Standard Life and Aberdeen Asset Management agree £11bn merger
All-share deal to create the UK’s largest asset manager
Standard Life has struck a deal to acquire rival Aberdeen Asset Management for £3.8bn, creating the UK’s largest asset manager.
Standard Life and Aberdeen Asset Management have agreed terms on an £11 billion merger that will create Britain’s biggest asset manager.
The deal would create one of the world’s industry powerhouses, overseeing £660 billion worth of global assets.
Under the terms of the potential merger, Aberdeen shareholders would own 33.3% and Standard Life shareholders would own 66.7% of the combined group.
However, it is thought several hundred jobs are at risk in Scotland and in the City as the duo pointed to cost savings that could add up to £200 million.
Full story in The Herald
Good for Scotland?
This merger achieves two things. First, while many mergers of Scottish companies in recent history have seen them being absorbed into companies based elsewhere in the UK or overseas, this one unusually creates a larger Scottish company, not seen since RBS acquired NatWest in 2000.
Second, it’s a Scottish turnabout for Standard Life, stalwart of the Edinburgh financial scene for nearly 200 years. Perennially rumoured as a bid target itself since its 2006 flotation, it has been famously twitchy about being Scottish. Being against devolution in the 1990s and more recently against independence, both times threatening to leave Scotland, it now looks like it will be more entrenched in Scotland than ever.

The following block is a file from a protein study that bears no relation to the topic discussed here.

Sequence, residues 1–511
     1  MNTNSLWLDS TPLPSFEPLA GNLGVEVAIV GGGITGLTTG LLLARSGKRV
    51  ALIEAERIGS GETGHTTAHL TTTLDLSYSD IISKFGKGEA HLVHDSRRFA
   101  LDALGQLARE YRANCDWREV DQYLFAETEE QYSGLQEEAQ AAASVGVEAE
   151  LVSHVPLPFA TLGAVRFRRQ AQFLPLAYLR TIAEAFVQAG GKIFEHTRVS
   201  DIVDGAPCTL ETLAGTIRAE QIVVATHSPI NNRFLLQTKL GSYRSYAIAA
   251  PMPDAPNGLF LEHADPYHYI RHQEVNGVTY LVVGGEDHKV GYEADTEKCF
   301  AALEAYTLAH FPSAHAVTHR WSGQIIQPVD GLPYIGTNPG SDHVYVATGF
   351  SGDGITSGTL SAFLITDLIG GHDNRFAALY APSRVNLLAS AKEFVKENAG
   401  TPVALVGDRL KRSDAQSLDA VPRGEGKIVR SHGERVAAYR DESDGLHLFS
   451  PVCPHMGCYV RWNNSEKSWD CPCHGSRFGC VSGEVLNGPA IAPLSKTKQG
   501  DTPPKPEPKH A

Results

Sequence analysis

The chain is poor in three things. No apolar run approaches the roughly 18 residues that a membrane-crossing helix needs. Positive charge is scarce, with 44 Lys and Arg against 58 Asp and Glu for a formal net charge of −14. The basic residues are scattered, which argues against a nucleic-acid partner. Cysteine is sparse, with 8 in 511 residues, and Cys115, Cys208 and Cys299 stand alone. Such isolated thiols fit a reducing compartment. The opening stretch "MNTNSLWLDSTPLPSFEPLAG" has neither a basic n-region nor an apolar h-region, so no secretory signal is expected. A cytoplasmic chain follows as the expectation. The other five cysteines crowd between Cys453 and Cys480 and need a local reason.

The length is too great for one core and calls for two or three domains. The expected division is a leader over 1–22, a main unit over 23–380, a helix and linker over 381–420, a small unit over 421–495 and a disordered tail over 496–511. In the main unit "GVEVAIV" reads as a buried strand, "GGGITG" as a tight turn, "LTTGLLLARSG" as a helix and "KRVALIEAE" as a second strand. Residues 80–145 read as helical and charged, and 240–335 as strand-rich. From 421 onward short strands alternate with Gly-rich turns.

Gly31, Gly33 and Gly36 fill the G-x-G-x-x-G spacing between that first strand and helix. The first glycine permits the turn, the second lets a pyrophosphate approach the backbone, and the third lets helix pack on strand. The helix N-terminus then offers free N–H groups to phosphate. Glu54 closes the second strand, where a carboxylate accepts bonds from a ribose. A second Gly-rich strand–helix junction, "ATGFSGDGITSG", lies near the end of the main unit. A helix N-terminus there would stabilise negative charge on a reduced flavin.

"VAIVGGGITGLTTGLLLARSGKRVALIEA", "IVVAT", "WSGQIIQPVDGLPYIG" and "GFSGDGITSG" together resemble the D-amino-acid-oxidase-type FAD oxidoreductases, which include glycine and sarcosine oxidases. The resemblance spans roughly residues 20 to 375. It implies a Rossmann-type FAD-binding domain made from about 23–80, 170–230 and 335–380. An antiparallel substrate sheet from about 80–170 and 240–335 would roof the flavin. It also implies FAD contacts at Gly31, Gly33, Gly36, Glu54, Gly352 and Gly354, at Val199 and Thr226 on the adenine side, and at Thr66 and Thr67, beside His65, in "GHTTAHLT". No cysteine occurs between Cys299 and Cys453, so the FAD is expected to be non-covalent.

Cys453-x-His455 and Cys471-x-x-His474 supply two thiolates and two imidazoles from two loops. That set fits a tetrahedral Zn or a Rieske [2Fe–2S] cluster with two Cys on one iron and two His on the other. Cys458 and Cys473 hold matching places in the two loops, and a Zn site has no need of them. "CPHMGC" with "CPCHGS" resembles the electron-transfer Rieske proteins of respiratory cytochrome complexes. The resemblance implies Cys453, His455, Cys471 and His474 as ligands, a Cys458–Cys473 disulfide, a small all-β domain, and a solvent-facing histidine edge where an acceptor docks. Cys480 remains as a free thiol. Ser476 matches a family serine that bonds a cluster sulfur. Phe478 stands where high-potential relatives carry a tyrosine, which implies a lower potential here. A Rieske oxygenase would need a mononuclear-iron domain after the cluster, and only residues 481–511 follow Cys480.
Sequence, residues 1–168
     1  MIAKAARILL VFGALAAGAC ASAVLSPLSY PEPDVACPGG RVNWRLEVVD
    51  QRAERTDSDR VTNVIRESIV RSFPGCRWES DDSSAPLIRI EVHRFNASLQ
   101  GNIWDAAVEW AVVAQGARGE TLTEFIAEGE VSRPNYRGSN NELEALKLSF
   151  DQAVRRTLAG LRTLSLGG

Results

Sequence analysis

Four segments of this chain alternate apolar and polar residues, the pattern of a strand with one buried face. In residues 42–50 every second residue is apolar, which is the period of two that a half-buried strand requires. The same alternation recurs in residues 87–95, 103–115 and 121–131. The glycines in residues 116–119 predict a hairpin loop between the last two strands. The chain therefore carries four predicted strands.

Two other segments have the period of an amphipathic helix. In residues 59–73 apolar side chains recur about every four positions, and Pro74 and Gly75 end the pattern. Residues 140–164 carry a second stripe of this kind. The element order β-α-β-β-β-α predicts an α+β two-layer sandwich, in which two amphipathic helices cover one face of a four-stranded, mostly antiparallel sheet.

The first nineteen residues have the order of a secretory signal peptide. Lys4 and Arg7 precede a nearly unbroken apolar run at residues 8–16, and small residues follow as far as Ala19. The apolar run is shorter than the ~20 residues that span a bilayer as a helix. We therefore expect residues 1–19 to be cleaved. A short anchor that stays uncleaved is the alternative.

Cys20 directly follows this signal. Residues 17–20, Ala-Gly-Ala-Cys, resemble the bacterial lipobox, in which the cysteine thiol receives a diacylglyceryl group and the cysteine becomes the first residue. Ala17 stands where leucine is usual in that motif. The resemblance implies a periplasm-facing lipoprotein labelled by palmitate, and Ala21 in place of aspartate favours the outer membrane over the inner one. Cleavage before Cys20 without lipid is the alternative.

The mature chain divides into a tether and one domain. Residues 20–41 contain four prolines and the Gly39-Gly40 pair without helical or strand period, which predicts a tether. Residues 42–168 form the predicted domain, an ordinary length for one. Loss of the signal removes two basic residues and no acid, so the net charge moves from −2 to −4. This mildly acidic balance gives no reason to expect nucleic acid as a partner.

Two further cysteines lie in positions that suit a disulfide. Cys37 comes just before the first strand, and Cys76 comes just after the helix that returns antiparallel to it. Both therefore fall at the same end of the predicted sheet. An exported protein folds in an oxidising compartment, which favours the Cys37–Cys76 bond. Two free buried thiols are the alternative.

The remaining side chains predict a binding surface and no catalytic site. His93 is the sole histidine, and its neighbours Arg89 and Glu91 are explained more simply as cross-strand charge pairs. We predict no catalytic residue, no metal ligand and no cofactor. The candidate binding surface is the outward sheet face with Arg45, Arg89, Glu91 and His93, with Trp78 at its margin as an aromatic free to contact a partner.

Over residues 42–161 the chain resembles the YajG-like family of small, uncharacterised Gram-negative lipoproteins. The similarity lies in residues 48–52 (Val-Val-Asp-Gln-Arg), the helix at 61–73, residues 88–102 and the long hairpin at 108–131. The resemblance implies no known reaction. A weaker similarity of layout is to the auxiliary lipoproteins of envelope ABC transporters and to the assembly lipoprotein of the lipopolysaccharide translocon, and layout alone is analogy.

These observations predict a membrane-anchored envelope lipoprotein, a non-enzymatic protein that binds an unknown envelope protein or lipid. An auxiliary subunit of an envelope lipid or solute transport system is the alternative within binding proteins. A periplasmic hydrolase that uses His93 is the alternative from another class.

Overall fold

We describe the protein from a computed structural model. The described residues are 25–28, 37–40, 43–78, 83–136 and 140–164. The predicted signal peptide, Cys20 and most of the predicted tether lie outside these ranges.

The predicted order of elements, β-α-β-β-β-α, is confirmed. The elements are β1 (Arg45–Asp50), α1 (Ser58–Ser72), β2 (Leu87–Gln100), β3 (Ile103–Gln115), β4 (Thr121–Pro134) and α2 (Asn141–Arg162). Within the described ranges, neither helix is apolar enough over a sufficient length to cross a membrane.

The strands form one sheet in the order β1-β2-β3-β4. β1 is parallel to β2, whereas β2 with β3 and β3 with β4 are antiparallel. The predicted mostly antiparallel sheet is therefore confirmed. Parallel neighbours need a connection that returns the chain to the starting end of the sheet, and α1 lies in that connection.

Aberdeen, on the other hand, is a newer company, and has been acquisitive for many years, taking over smaller rivals like EFM, Murray Johnstone and Glasgow Investment Managers, and then Scottish Widows’ investment business in 2013. As with all acquisitions, synergies mean job losses. Aberdeen not only has its traditional base in that city, but like Standard Life, also sizable operations in Edinburgh mostly arising through its acquisitions.
So while the merger is defensively good for Scotland, and creates an investment powerhouse with a substantial insurance business, hundreds and perhaps thousands of employees might take a different view. There is also a chance that another company might try and buy either Standard Life or Aberdeen, coming in with a better deal. The Herald stated that the companies expect a £200m saving through the merger, perhaps something that will appear as a special dividend to shareholders next year.
Both companies will be represented in the new company name. Memories of when Friends Provident merged with Ivory and Sime, some stated the new name should be FIasCo. This time, could we get SLAC, SLAM, SLAP or something like that?
Money Questioner’s thoughts
I didn’t see this coming.
Stock markets have warmed to the deal already, with prices of both companies rising in the morning trading.
It bucks the trend a little, too. Whereas Scottish Widows, owned by Lloyds Banking Group, sold its investments business to Aberdeen, rival insurer Standard life now wants to integrate more investment management rather than separate its own insurance and investments business. Unless, of course, there will be a subsequent separation following restructuring. But that doesn’t seem to be on the cards. Standard Life’s expertise is in sectors like fixed income and property, feeding into its life assurance and pension products, whereas Aberdeen’s is in global equities, especially Asia and Emerging Markets, through managed and fund products. In that sense, they are complementary.
Consolidation in financial services is ongoing and inevitable. Edinburgh used to have a large number of investment managers and life assurance companies but now only a small number of large names remain. Soon there will be one fewer.